The clinical study examines the subtle changes that may take place in the brains of older people many years before overt symptoms of Alzheimer’s disease appear.
The study uses imaging techniques specifically developed to advance research by examining changes taking place in the structure and function of the brain, as well as biomarker measures found in blood and cerebrospinal fluid. Participants will be asked to undergo three test procedures (MRI and PET scans, lumbar puncture). The study does not provide treatment and does not directly benefit participants, but the information gathered will help future generations with cognitive decline and Alzheimer’s.
“We cannot end this terrible disease unless we know more about it,” says Brigid Reynolds, A.N.P., lead investigator of the study at Georgetown. “This is where volunteers, their friends and their families can make the difference in our success.”
According to the National Institute on Aging, more than 5.3 million people in the U.S. have Alzheimer’s, and every 70 seconds, another person develops this disease. In Washington, DC, more than 9,000 people aged 65 and older are currently living with Alzheimer’s, making finding a cure a pressing need in our community.
The research is funded by the National Institute on Aging, part of the National Institutes of Health (NIH), and the NIH Office of the Director. In addition to the Georgetown University Memory Disorders Program, 49 other sites in the United States are participating in the study.
“This is part of an ongoing effort to establish imaging and fluid biomarker measures of Alzheimer’s disease from the onset of mild symptoms to the advanced stages of the disease process,” said NIA Director Richard J. Hodes, M.D. “By advancing the understanding of the full spectrum of the disease, we’ll be better able to identify who is at risk, track progression of the disorder, and devise measurements to test the effectiveness of potential prevention or treatment strategies.”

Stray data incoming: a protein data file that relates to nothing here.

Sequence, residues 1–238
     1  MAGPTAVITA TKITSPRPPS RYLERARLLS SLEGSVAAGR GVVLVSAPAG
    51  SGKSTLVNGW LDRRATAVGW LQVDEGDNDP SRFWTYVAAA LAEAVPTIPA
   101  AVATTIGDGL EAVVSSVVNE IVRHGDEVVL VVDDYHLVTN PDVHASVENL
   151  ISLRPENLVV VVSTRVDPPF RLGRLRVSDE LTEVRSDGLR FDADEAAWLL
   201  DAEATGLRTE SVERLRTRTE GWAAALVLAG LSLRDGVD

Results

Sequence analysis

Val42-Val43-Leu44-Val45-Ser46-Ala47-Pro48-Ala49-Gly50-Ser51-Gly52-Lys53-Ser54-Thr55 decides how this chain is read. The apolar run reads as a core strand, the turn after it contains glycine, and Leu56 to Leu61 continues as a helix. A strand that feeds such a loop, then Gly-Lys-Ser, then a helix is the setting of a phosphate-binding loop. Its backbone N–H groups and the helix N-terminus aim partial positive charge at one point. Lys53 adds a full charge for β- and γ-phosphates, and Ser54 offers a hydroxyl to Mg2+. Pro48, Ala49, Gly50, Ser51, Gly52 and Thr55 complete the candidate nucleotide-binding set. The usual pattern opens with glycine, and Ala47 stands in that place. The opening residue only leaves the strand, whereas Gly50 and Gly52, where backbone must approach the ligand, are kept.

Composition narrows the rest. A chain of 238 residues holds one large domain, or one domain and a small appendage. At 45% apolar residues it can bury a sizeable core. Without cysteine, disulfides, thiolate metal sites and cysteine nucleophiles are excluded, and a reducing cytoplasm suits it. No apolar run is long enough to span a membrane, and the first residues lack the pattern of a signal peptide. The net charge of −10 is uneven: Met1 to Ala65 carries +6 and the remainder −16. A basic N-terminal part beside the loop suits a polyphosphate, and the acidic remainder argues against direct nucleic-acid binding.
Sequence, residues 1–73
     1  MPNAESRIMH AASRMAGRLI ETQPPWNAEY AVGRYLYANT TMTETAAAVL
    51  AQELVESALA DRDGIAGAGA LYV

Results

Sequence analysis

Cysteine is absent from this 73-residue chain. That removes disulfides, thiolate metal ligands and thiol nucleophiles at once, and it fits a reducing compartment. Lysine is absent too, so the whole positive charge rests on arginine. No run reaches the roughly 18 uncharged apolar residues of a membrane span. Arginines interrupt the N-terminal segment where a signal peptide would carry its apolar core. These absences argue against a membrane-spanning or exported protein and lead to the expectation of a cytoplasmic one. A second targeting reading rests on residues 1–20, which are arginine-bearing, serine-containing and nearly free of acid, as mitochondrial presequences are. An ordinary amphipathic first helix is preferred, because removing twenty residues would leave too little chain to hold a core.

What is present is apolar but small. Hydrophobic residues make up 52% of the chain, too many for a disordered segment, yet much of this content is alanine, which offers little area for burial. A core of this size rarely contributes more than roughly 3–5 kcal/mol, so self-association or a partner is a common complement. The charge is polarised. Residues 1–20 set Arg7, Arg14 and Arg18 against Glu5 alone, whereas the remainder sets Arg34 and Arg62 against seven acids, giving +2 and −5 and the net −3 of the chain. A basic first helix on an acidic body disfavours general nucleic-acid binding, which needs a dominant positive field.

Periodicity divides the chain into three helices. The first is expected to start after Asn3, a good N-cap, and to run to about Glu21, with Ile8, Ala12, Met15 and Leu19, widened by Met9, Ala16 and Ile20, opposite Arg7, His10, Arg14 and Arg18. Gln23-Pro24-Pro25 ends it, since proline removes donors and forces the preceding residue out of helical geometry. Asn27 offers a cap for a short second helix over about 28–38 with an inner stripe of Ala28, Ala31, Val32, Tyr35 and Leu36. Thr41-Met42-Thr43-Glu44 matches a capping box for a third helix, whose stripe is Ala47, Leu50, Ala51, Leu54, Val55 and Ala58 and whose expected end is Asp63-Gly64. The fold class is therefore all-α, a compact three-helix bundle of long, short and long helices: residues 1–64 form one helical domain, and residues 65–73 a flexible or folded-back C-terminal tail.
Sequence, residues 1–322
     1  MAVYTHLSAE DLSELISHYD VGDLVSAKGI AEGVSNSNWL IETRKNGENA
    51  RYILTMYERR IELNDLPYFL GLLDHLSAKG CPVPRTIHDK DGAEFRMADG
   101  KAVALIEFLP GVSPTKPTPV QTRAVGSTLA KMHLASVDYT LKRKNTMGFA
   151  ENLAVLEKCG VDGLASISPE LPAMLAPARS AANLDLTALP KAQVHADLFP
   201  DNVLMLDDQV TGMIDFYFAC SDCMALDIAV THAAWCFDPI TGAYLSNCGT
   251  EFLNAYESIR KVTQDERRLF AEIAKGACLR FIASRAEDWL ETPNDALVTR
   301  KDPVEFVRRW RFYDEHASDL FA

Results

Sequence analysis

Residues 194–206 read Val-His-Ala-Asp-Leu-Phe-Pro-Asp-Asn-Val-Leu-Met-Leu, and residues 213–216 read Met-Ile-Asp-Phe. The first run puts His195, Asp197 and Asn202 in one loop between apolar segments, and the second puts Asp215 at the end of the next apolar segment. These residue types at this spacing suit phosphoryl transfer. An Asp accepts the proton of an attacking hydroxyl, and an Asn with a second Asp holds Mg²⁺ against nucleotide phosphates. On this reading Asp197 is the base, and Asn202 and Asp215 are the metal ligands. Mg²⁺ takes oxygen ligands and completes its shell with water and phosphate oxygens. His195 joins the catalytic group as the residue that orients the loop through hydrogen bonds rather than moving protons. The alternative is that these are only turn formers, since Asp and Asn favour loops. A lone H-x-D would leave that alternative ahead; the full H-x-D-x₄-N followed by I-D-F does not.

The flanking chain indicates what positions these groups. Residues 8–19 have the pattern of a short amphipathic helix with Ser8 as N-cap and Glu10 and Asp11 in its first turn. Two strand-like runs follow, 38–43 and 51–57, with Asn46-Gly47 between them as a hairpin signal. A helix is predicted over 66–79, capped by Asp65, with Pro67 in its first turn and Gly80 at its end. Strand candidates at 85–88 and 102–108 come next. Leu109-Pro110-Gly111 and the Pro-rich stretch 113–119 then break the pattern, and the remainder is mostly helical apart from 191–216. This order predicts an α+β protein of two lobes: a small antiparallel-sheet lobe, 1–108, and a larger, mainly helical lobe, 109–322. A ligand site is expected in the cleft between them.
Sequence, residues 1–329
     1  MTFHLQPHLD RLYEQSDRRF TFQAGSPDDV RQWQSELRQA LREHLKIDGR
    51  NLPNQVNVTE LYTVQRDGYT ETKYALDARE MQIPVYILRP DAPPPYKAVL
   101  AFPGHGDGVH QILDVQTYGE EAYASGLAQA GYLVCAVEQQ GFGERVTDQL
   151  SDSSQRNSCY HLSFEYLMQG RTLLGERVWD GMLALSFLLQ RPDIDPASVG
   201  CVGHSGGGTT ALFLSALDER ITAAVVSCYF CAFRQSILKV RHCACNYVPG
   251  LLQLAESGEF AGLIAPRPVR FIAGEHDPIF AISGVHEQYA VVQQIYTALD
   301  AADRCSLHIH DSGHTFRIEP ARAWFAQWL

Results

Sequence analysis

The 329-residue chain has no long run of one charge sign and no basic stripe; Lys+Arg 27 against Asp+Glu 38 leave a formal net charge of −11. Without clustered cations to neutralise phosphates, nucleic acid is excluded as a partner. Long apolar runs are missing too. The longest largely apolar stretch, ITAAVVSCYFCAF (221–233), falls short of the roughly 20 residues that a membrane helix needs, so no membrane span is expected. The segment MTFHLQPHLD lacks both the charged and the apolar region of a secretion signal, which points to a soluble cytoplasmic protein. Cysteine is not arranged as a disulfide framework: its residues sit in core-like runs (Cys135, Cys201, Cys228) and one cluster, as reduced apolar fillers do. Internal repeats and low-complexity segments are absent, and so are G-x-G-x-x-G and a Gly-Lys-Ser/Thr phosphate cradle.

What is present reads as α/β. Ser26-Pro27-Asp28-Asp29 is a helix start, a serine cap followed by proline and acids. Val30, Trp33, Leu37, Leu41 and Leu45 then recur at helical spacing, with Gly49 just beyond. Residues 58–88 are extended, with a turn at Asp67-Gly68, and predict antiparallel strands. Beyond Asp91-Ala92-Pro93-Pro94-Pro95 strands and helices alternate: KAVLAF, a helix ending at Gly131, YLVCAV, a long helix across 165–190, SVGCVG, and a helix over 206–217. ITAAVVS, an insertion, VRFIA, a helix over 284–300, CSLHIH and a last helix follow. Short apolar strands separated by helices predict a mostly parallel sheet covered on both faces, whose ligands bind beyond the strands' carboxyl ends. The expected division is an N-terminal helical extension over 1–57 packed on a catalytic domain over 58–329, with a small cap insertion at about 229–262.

Volunteers must speak English. Those with memory problems must have a person willing to assist them during at least five clinic visits and with telephone contacts from researchers.
To volunteer or learn more about the study, contact Kelly Behan in the GUMC Memory Disorders Program by calling (202) 687-0413 or by emailing her. To learn more about this and other Alzheimer’s disease research, visit http://memory.georgetown.edu.
About Georgetown University Medical Center
Georgetown University Medical Center is an internationally recognized academic medical center with a three-part mission of research, teaching and patient care (through MedStar Health). GUMC’s mission is carried out with a strong emphasis on public service and a dedication to the Catholic, Jesuit principle of cura personalis — or “care of the whole person.” The Medical Center includes the School of Medicine and the School of Nursing & Health Studies, both nationally ranked; Georgetown Lombardi Comprehensive Cancer Center, designated as a comprehensive cancer center by the National Cancer Institute; and the Biomedical Graduate Research Organization (BGRO), which accounts for the majority of externally funded research at GUMC including a Clinical Translation and Science Award from the National Institutes of Health. In fiscal year 2010-11, GUMC accounted for 85 percent of the university’s sponsored research funding.